More about the collapse of the American Criminal Justice System

Summary:  A follow-up to yesterday’s post, here we see a wide range of articles about the deep rot of America’s criminal justice system.  It’s a shameful travesty of justice, especially for a nation that prided itself as the shining city on the hill.  Now we have fallen far below the standards of other developed nations.  Only our ignorance allows us to retain our pride.

The original project was a series of posts.  But the problems are too vast, the body of evidence too large, the audience for such knowledge too small.  So here are links to evidence, just samples and snippets of the many articles and studies — often screams for action — about our criminal justice system.  It’s the water of knowledge for those with a taste of it.


  1. Prosecutors, another weak link in the system
  2. About SWAT
  3. About our forensics experts
  4. About our prisons
  5. Other articles about our broken criminal justice system

(1)  Prosecutors, another weak link in the system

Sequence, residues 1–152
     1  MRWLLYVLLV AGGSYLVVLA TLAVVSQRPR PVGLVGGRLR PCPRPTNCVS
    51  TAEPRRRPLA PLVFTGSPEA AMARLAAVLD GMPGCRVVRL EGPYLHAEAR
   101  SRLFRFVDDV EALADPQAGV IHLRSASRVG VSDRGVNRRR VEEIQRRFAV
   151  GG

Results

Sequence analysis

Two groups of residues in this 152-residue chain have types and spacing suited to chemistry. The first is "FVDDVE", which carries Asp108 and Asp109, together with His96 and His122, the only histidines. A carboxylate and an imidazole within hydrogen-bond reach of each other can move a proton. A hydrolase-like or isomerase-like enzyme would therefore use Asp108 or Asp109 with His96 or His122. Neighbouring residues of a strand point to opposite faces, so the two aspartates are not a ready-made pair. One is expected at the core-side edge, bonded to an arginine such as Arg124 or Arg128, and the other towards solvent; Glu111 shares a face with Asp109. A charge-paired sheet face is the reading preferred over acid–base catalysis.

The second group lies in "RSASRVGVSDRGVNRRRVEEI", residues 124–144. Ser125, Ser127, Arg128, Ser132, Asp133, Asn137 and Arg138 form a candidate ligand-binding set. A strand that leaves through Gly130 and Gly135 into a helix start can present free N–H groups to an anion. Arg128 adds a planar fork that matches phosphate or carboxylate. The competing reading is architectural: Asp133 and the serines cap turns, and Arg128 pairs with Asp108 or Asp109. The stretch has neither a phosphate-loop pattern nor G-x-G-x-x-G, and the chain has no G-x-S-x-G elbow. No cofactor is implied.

Again, if the liberty of a man consists in the empire of his reason, the absence whereof would betray him to the bondage of his passions, then the liberty of a commonwealth consists in the empire of her laws, the absence whereof would betray her to the lust of tyrants. And these I conceive to be the principles upon which Aristotle and Livy (injuriously accused by Leviathan for not writing out of nature) have grounded their assertion, “that a commonwealth is an empire of laws and not of men.”
The Commonwealth of Oceana by James Harrington (1656)

… to the end it may be a government of laws and not of men.
— Last sentence of the Constitution of Massachusetts (1780), inserted by John Adams